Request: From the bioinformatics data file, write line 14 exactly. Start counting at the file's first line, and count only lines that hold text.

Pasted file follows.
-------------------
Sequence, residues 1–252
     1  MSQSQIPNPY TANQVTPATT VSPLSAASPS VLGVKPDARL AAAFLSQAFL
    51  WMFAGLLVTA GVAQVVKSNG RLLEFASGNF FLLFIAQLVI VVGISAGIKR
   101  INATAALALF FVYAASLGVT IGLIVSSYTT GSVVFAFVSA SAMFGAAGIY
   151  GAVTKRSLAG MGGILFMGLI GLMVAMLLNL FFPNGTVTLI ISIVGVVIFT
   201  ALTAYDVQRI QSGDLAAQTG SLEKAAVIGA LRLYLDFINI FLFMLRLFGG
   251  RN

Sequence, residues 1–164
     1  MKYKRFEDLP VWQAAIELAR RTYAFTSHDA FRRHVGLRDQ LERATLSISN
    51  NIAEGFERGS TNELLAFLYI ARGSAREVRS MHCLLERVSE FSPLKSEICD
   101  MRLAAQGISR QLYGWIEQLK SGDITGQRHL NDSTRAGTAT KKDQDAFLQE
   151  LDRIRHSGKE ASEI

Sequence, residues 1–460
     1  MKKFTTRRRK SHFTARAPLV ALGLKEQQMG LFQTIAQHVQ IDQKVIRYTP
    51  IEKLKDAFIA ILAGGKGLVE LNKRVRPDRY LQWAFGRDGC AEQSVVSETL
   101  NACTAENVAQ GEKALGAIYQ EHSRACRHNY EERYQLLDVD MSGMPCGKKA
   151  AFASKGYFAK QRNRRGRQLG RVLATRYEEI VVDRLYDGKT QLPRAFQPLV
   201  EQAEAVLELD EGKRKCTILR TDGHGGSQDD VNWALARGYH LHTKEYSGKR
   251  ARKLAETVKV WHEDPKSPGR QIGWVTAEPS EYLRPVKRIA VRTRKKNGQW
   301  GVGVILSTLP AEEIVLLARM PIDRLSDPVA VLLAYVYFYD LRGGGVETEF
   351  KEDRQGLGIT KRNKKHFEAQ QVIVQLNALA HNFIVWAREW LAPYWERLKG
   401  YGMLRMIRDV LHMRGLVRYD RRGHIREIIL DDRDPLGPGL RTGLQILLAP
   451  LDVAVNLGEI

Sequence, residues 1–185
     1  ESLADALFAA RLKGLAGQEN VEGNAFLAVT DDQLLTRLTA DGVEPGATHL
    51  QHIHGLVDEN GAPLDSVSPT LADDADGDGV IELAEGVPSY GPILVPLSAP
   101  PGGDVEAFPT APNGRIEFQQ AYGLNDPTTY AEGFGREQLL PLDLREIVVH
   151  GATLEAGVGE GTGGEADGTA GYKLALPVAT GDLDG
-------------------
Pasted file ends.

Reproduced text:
     1  MKKFTTRRRK SHFTARAPLV ALGLKEQQMG LFQTIAQHVQ IDQKVIRYTP